Most commercial property insurance policies offer coverage for both the cost of repairing your damaged structures and the expenses related to removing debris from the disaster.
Cleanup includes everything from building materials to business personal property destroyed inside your premises to automobiles, signs, and the belongings of employees and guests. But there are important restrictions on this coverage that you should understand. Some of those limits could result in substantial out-of-pocket costs to you.
Standard debris coverage may be inadequate
Debris coverage is typically included in a standard commercial property policy as a percentage of the overall recovery for the damaged property plus your deductible — 25% is a common amount. So, for example, if you have a $500,000 loss and a $1,000 deductible, your policy would cover 25% of $501,000 or $125,250. That may sound like a good amount, but keep in mind that when there is widespread damage to a community or hazardous materials involved, local costs to remove debris in a timely manner can skyrocket.
Your insurer may include a clause that provides a conditional $25,000 extension of coverage if the costs of debris removal outrun your coverage, and it may be possible to buy more. If you are in an area susceptible to natural disasters, it may be particularly important to discuss extra debris removal coverage.
Even if you can keep debris removal costs within your coverage limits, there are special situations that could fall outside your policy terms. These would nullify insurance protection in certain circumstances.
While most commercial property policies contain an exclusion regarding the release of pollutants into the environment, it doesn’t apply if a covered peril caused the discharge. For example, if a windstorm caused chemicals to spill, cleanup of those pollutants would be covered.
That said, most policies will not cover the expense of removing pollutants that have leeched into water or underground sources. If your company handles environmental hazards, such as fuel, fertilizer or chemicals (to name a few), you may need special coverage: pollutant cleanup and removal. Though limits of insurance on this are typically pretty low, it may save you thousands of dollars at claim time.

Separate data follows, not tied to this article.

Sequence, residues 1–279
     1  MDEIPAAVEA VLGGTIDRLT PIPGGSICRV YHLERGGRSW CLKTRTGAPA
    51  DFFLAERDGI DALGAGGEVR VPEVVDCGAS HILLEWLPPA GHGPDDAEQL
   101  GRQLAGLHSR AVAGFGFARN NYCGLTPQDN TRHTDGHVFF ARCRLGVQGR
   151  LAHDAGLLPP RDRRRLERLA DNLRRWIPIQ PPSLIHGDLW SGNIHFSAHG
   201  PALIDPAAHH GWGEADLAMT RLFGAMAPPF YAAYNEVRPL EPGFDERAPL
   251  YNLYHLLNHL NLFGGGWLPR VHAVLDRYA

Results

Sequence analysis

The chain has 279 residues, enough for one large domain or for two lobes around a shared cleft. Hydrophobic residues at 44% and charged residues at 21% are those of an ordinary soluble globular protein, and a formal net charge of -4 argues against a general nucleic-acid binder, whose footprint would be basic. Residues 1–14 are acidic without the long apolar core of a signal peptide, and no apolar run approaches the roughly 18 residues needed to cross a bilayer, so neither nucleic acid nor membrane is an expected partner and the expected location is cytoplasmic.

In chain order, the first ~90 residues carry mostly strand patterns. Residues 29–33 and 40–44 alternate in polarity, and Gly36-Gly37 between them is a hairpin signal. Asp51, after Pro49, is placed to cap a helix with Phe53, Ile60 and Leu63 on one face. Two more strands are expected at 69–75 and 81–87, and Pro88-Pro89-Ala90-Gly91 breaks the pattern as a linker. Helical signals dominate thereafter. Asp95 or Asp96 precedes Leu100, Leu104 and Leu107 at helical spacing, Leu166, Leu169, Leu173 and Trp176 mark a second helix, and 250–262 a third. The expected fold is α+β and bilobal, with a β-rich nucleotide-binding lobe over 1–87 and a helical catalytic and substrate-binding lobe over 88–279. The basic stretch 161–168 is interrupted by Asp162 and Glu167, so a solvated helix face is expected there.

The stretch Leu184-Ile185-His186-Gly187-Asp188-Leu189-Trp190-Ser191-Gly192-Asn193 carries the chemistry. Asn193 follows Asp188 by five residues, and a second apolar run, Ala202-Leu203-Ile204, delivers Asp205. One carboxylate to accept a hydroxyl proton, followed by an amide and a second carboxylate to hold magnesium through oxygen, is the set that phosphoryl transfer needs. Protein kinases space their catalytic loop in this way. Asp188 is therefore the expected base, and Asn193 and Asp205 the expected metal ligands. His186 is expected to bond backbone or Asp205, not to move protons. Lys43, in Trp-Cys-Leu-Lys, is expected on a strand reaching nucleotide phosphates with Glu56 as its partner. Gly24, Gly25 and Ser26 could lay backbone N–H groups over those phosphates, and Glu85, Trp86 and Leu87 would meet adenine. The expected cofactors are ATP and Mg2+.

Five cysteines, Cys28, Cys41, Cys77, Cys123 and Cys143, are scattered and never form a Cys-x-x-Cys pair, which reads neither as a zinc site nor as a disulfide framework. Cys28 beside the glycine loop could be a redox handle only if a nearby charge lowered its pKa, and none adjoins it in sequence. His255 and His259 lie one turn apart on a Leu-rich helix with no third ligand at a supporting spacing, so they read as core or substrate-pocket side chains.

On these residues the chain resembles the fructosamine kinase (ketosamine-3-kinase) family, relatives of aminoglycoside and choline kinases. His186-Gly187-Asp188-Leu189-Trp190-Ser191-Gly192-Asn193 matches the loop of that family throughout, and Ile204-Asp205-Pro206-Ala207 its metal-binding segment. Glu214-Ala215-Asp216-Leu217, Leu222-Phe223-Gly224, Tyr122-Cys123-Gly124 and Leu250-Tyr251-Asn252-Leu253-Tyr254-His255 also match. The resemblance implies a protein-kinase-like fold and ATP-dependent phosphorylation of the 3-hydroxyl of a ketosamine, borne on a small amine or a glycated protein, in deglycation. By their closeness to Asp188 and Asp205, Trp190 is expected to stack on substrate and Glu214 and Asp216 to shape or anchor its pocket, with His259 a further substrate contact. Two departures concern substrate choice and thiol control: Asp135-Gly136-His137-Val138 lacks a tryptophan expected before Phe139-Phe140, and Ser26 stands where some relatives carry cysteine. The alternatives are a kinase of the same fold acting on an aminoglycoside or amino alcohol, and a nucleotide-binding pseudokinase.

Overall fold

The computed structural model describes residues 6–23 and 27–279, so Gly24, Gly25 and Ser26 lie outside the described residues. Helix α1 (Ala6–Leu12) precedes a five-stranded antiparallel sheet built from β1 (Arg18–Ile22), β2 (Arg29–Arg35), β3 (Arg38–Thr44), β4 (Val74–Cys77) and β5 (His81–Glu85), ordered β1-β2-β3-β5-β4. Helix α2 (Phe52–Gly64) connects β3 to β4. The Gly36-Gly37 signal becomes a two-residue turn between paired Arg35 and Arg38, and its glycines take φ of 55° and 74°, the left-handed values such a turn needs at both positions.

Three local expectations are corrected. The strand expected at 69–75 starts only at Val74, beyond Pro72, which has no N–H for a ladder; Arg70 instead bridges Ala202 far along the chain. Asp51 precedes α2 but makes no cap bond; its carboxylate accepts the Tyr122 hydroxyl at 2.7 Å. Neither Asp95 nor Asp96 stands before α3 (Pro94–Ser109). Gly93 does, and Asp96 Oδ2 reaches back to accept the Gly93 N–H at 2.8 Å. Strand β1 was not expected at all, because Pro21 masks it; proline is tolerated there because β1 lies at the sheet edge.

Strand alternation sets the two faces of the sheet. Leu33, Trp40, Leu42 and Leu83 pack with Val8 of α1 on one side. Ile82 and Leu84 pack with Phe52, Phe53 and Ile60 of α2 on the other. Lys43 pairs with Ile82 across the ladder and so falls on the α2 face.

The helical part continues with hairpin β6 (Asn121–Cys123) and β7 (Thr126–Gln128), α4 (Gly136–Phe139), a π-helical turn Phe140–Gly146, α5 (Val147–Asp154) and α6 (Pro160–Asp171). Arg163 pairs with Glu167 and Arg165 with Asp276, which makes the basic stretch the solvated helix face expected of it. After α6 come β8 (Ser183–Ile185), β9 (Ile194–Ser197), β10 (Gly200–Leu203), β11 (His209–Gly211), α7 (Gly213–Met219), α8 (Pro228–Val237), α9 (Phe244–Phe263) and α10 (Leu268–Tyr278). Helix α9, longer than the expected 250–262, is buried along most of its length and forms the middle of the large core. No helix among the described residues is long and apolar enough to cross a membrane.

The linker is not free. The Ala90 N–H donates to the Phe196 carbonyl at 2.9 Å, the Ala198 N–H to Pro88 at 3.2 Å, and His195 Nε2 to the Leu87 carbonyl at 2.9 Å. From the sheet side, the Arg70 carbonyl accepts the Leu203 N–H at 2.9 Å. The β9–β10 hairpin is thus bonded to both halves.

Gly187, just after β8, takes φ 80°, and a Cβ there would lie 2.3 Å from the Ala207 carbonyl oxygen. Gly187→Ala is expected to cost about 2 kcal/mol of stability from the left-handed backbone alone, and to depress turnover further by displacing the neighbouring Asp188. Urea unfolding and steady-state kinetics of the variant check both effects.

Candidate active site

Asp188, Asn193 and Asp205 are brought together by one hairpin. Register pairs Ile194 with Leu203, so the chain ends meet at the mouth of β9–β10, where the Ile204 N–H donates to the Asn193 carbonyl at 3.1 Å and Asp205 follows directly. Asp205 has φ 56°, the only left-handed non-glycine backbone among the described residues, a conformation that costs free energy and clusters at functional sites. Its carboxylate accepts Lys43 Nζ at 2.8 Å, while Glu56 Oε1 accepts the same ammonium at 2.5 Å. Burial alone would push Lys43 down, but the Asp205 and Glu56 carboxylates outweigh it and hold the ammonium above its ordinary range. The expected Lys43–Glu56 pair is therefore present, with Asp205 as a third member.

Debris of others
In some disasters — especially tornadoes, hurricanes, gas line explosions and wildfires — debris from other properties is carried onto your premises. While newer commercial property insurance forms include costs of removing debris, there are exclusions to consider. The debris must be carried there by a peril insured under your property policy and be items covered by your policy. Also, it must affect a portion of your property included in (and covered by) your policy.
For example, a hurricane might be covered under your policy but be accompanied by flooding that (a) washes vehicles onto your damaged property and (b) isn’t covered by your insurance because you never bought flood insurance.
Talk to your JAISIN insurance professional about these details. There are other examples where debris might be excluded from your insurance, so get clarity on where you have gaps and what you can do about them.
Property not covered
Some debris simply falls outside the terms of your commercial property policy. Take trees, for example.
Imagine there is a windstorm and your building loses a roof and suffers substantial water damage, but most or all of the debris is inside your building. On top of that interior damage, a few very large trees have fallen across your parking lot but have done no damage to the property named on your policy. The removal of those trees might not be paid for by standard insurance coverage.
Delayed reopening due to debris
In large-loss scenarios or widespread disasters in your region, there may be delays in clearing your lot and getting repairs underway. How does your business income insurance respond to that? Do you have the right coverage — such as business income with extra expense — to allow you to find other accommodations to keep your company operating?
You are responsible for keeping the value of your policy aligned with the value of the property you wish to have insured. If you fail to do that, you could be subject to a co-insurance penalty, which reduces the maximum payout you can receive.
That reduction will also affect your coverage for debris removal since coverage is typically a percentage of your total recovery. Underinsuring your commercial property is a dangerous thing to do, so make sure you get accurate appraisals of both your building and business property at each policy renewal.
Talk to your insurance advisor
In some cases, other parties might be involved in your property insurance considerations. These might include a landlord, tenants or even a local government. Any contracts to which you are a party or local regulations compliance should be a part of your insurance-buying process.
Your JAISIN insurance professional can help you dovetail all the requirements you face with your coverage protections, so provide them with as much information as you can. Though debris coverage is only one component of a broad commercial property policy, getting it wrong can be very costly, so call or email us today.
Copyright © 2022 Applied Systems, Inc. All rights reserved.